Life's busy, read it when you're ready!

Create a free account to save articles for later, keep track of past articles you’ve read, and receive exclusive access to all RP resources.

Browse thousands of RP articles

Articles, news, and reviews with a Biblical perspective to inform, equip, and encourage Christians.

Get Articles Delivered!

Articles, news,and reviews with a Biblical perspective to inform, equip, and encourage Christians delivered direct to your inbox!

A A
By:

Letters Along The Way, from a Senior Saint to a Junior Saint

by D.A. Carson & John Woodbridge
2022 / 373 pages

Christians have long had the chance, in C.S. Lewis’s The Screwtape Letters, to eavesdrop on the correspondence between two demons, one young, and the other a senior demon intent on passing along the knowledge necessary to lead Christians to damnation. Now, in Letters Along The Way, we have the opportunity to read the mail exchanged between two saints, both intent on spreading the gospel to the world. We can follow along, by way of their correspondence, as senior saint Paul Woodson mentors Tim Journeyman on the path from unbeliever to church pastor. 

Like Lewis, Carson and Woodbridge cover a broad range of topics. Reading straight through will allow you to fully experience the transformation of Journeyman. However you could also just pick and choose different letters to get a wealth of knowledge on that particular subject, ranging from pastoral training to communism – a helpful index highlights which letters talk about what subjects. (The reader should be mindful of some theological differences resulting from the authors’ Baptist point-of-view.) 

Reading this cover to cover may be a slog for some, and they may prefer reading just this letter or that. Others will enjoy following the whole journey God is taking this fledgling Christian on, molding him into His instrument to spread the gospel. Readers may see parts of Journeyman reflected in themselves and may well form deep bonds with their new friend and mentor, Paul Woodson.

Find a link to a free pdf version of the 1993 edition here.


Up Next


Adult fiction, Book Reviews, Teen fiction

Devilish correspondence: Lord Foulgrin’s and Screwtape’s letters

THE SCREWTAPE LETTERS200 pages / 1942by C. S. Lewis &LORD FOULGRIN'S LETTERS208 pages / 2001by Randy Alcorn Some 75 years ago, as C. S. Lewis reports it, he intercepted correspondence between two devils, the one a senior demon and the other his student being taught how best to tempt and attack Man. While Lewis refused to share how he’d come by these letters, the published correspondence was eye-opening, giving insight into how the Devil can twist not only our weaknesses, but even our strengths, to his devilish ends. So, for example, we get to listen in as the experienced tempter Screwtape teaches his charge, Wormwood to sidetrack prayer, either by making it perfunctory – perhaps done regularly, but with little to no thought – or by making it feelings, rather than God, focused. Either diversion will do. While Lewis wrote (or discovered) The Screwtape Letters during World War II, it remains as insightful and as helpful as ever. But it was also a book worthy of imitation, and nearly 60 years later Randy Alcorn did just that, with his Lord Foulgrin’s Letters. However, while Lewis stuck strictly to devilish correspondence, Alcorn alternates between letters and story chapters – it is half mail, and half narrative. The narrative sections make Alcorn’s book a little more accessible for a teen audience, while, on the other hand, Lewis’ is the more insightful, which also makes it the most satisfying of the two for adults. But both are excellent. One caution: both books have an Arminian flavor, and, as my brother Jeff points out, “whether this Arminian tendency is simply the devil’s mistaken understanding is not clear, but Lewis at least seemed to be Arminian in his other writing.” That means, while both books can serve as a warning of the devil’s many means of attack, there’s at least a few that Lewis and Alcorn overlook. I understand that some might find the devilish focus of both books disturbing. It might seem wrong since Christians don’t normally want their children reading books about demons. What makes Alcorn’s and Lewis’ books different from the devilish taint that exists in so much of today’s entertainment (Hellboy, Sabrina the Teenage Witch, DC Legends of Tomorrow, etc.) is that Lewis and Alcorn expose, but don’t celebrate, the darkness. They are equipping readers to be aware of the Devil, not asking them to join him. That’s quite the difference indeed. Below is a 8 minute adaptation/preview of Lewis's "The Screwtape letters." ...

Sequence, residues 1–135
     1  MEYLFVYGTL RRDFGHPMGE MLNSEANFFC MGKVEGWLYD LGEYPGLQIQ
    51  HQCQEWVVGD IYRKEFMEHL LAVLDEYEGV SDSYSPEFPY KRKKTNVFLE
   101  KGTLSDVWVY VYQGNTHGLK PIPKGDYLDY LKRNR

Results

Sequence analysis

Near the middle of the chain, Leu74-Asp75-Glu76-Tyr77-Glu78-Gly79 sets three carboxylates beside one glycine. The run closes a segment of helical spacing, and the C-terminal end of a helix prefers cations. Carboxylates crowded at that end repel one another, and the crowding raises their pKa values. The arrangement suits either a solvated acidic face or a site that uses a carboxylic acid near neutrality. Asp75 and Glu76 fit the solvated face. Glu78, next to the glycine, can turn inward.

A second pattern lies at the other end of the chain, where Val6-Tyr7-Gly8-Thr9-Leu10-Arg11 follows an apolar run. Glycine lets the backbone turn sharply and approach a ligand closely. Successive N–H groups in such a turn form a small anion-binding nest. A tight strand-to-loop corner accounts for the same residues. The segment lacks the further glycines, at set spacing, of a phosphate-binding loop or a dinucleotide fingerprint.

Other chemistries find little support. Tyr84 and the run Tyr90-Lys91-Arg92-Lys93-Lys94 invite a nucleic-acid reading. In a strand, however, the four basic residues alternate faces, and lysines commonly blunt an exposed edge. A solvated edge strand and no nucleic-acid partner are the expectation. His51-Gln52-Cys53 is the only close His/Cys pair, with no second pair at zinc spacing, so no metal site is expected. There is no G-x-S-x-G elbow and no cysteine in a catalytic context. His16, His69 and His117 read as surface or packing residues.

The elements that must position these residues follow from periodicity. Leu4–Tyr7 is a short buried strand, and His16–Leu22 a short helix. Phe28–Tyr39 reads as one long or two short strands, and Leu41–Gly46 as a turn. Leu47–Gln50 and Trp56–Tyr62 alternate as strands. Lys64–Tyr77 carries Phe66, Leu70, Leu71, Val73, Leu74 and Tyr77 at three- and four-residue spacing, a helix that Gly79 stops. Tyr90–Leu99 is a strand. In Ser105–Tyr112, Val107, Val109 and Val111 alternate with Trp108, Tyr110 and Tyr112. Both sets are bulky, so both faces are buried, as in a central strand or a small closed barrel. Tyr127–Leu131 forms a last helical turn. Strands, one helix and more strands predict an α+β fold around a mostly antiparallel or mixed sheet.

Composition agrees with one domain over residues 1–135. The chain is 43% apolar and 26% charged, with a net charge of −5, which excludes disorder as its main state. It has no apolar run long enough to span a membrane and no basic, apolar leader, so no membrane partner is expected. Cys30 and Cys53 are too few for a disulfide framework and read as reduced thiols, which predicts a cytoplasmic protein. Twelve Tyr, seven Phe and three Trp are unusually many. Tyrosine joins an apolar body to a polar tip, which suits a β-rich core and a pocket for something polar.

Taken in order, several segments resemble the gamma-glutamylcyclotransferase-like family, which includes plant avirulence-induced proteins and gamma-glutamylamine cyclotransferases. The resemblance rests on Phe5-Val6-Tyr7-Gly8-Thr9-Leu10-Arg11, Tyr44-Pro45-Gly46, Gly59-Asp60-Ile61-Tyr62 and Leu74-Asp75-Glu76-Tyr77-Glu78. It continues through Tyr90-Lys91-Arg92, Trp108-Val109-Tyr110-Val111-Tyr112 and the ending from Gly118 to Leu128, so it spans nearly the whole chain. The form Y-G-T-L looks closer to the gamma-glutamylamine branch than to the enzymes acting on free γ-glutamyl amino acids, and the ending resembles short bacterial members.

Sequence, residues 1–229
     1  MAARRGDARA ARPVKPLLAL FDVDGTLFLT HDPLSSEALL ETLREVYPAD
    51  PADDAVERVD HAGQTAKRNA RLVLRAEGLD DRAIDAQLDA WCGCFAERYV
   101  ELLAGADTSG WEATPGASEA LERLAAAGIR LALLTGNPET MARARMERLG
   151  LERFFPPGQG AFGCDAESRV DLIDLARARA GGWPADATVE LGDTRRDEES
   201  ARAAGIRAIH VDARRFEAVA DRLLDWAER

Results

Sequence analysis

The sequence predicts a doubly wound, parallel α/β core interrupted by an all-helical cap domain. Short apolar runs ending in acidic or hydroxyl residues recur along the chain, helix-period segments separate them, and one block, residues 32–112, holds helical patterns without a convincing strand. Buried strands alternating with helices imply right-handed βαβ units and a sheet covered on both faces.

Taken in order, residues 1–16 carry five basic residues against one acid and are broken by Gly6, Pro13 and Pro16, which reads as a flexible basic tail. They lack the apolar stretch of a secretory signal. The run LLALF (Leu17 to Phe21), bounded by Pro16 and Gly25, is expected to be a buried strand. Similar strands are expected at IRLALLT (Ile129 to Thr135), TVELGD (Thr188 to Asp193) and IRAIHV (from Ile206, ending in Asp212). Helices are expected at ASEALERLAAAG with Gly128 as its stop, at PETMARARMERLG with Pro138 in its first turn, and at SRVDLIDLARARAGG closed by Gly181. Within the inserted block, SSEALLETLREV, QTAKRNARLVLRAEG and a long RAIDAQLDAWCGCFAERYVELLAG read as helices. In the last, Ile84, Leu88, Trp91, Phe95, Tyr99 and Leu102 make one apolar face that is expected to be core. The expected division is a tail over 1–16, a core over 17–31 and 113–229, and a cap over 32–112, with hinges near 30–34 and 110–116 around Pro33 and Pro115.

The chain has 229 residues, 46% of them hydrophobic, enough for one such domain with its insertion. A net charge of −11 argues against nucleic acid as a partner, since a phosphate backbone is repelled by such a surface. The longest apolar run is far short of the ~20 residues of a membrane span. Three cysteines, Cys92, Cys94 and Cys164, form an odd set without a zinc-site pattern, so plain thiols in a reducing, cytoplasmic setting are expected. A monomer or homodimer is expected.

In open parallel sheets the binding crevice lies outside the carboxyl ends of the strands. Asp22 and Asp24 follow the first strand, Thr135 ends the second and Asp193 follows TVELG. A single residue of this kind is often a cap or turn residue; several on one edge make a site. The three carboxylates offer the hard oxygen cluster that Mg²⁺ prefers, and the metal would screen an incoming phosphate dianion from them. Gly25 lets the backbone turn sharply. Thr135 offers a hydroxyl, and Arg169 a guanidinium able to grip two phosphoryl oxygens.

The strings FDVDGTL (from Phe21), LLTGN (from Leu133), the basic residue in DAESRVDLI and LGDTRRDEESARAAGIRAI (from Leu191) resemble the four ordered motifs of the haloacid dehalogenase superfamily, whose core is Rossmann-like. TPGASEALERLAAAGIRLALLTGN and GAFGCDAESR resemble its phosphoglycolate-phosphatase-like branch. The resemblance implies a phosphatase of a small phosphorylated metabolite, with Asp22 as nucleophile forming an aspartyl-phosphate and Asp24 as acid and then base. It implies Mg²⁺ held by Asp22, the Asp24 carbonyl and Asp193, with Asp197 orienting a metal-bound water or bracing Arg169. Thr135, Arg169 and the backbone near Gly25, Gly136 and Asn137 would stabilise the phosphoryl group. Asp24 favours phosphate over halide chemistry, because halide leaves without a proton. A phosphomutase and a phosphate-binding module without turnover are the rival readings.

We Think You May Like